1. I would guess 2.5 – 3 hours should be safe. I think about an hour and a half per pound is a good rule of thumb for this recipe, but it depends a lot on your oven. The good news is that it’s a forgiving recipe. An extra 30 min. or so won’t overcook the meat because the heat is so low.

      1. Thanks – I am letting them sit overnight, and will roast tomorrow. I’ll let you know the results.

  8. OMG these were perfect! I made a small 1 1/2 pound amount and followed your recipe, including using Sweet Baby Rays’ BBQ Sauce (my favorite) and slow cooked for 3 hours. They were amazing and I will make again for sure.

  9. I just put the ribs in the oven. Fingers crossed 🙂 I am always looking for a good recipe for ribs. I am one of the weird ones that doesn’t care for a lot of BBQ sauce. I can’t wait to eat them.

    1. Hi Seari, I think you’ll enjoy the ribs. The beef flavor really shines and the dry rub just accents the beef. A lot of people don’t like sauce, which is where the dry rub can make up for it. Please let me know how they turn out!

    1. Just had ribs again tonight. I’ve over cooked them a little but still delicious. Now I know how long I need for my oven. 😉

  10. Love this!
    Comes out perfect every time!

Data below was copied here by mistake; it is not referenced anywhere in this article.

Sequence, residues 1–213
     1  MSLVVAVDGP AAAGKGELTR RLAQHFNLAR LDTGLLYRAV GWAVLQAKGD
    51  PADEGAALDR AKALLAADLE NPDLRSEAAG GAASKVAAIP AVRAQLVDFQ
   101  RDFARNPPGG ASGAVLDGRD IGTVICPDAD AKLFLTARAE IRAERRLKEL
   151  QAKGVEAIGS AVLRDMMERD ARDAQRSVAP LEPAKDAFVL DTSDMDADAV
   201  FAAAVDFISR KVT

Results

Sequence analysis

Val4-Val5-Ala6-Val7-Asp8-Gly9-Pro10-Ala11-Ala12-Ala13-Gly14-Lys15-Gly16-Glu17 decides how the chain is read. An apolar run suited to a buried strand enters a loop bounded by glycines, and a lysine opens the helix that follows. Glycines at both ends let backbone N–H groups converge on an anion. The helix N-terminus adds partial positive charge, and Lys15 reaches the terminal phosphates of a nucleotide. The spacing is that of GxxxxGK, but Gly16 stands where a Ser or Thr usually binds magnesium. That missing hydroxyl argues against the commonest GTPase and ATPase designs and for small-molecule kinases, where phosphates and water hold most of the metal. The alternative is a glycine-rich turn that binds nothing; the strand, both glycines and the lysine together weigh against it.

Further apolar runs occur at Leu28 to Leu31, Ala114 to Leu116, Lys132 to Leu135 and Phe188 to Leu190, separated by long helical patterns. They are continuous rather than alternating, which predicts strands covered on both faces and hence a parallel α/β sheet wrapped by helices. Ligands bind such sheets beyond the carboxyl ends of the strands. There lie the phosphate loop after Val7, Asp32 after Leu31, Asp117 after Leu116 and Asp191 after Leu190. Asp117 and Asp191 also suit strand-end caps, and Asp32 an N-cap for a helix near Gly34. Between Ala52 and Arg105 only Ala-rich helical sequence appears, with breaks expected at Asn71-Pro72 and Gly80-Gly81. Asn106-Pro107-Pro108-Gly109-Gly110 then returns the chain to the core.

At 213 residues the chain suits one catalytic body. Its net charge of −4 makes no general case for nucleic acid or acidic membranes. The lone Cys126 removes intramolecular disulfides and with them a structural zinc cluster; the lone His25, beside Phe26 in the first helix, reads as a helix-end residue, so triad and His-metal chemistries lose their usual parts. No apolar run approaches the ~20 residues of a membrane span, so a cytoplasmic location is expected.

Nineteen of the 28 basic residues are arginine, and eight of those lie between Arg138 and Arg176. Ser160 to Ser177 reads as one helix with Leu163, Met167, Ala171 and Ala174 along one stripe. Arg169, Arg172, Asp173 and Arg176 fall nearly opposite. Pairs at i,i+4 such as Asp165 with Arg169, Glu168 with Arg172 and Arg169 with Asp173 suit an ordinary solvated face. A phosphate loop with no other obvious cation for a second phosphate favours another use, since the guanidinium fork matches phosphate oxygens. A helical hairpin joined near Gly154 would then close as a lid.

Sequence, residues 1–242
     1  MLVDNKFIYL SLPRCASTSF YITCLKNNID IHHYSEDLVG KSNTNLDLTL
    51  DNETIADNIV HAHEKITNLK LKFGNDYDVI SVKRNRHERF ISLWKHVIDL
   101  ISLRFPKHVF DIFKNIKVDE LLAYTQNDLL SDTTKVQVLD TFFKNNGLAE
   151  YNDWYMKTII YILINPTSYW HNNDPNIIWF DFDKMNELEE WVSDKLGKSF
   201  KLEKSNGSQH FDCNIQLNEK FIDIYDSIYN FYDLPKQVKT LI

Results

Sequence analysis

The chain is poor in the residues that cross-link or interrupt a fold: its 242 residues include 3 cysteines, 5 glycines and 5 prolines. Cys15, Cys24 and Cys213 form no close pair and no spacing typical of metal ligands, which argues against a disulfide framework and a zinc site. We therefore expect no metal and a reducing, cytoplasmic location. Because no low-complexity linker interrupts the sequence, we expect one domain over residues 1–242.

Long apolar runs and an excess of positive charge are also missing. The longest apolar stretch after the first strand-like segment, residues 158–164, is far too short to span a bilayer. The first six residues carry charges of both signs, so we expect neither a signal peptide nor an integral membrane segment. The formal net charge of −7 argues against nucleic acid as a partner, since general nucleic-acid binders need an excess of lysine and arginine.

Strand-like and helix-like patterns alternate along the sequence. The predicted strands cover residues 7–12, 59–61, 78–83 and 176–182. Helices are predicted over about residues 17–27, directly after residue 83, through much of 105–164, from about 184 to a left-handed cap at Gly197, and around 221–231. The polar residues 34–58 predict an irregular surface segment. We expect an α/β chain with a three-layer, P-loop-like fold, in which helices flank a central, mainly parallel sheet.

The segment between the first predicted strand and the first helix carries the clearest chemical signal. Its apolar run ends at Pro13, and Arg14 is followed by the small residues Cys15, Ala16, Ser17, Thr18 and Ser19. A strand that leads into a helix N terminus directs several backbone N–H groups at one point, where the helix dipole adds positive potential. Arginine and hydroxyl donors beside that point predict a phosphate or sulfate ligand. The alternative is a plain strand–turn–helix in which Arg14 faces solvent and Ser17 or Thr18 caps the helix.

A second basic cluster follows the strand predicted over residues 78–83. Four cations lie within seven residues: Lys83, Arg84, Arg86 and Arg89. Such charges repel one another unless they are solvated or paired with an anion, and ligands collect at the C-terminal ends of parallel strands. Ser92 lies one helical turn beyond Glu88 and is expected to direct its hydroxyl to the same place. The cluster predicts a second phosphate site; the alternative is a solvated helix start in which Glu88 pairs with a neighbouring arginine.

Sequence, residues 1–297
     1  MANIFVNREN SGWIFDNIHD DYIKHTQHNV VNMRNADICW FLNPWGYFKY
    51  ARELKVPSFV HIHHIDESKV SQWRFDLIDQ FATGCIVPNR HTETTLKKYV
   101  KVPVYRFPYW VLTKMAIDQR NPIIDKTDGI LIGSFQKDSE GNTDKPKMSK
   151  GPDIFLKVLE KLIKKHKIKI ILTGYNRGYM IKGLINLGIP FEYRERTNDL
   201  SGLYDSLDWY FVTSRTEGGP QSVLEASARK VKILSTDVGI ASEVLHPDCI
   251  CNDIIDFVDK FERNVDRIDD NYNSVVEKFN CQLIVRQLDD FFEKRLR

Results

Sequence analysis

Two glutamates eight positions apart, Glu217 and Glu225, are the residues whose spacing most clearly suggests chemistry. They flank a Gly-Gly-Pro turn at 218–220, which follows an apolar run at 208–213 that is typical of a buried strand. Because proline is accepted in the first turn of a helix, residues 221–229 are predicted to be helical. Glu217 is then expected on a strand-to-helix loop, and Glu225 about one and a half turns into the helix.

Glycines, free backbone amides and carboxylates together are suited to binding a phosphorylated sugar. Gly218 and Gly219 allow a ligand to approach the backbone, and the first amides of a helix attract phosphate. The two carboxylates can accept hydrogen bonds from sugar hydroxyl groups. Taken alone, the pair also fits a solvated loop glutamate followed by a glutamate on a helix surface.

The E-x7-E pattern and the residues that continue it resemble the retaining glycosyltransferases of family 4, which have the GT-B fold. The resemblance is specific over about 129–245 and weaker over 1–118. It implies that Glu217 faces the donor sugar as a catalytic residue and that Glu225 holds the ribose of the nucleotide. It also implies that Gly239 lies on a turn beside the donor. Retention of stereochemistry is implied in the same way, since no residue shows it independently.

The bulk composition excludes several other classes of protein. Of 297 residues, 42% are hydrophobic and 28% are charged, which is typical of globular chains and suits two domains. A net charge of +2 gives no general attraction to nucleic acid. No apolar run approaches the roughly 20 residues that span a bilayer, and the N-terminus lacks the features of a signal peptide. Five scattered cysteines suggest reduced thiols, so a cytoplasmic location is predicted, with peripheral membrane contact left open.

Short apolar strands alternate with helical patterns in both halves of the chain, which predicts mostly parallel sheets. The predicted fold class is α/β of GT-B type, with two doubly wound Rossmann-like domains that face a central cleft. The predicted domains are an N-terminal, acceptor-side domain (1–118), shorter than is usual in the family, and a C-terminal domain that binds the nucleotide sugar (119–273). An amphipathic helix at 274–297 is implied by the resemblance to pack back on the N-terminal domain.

Two things I do
    1. I use Red Robin rub instead of making my own.
    2. Instead of putting it under the broiler, I throw it on the grill on med low heat for about 15min while basting w/ BBQ sauce,. turning about 4 times to get boat sides coated and caramelized..

    Thanks for listing the directions!

    1. Hi Mark! I’ve never used Red Robin seasoning at home before, but if it works, it works. That’s a great idea about using the grill to crisp up the ribs. As long as you can transfer them to the grill without them falling apart, I bet that comes out really well!

  11. Hi there! Quick question. Your recipe calls for oil. Is that olive oil or vegetable oil. They have quite different tastes so I just want to know which one to use. Thank you!

    1. Hi! Thanks for checking out the blog and asking the question. You can just use vegetable oil. Honestly, the oil isn’t absolutely necessary. It’s good for making a paste from the spices, but if you didn’t have oil, the recipe would still work because the oil isn’t being used for taste. Hope that helps!

  12. Thank you Manfuel!! I was trying to find a way, without grilling, to make good beef ribs. Your instructions were clear and easy to follow. Cross your fingers….I’m starting up the oven now!!!!

  13. Hi!! Thank you Manfuel for having this blog. I’ve been trying to come up with an alternative to grilling beef ribs. Your instructions were very clear, and easy for even me to follow. I just got done with the marinating part of the journey. Now I’m starting the oven!! Cross your fingers…..

  14. They turned out awesome!!! Fall off the bone greatness. I didn’t even have to put on any bbq sauce. I stuck with a hot and spicy dry rub. Thanks a lot Manfuel…I will be sure to make these again with some personalization of my own.

  15. Found this recipe at 1pm, ribs were in the oven (without sitting) by 2pm. Rest of dinner ready by 6pm, ribs were gone by 6:15pm and my 4.75yo still wanted more!
    Made 2 mod’s – 1. no onion powder because I’d run out, 2. instead of broiling, basted tops with sauce, baked at 400 for 5-6min uncovered, then repeated basting/baking cycle 1x more to accommodate the need to bake a side dish.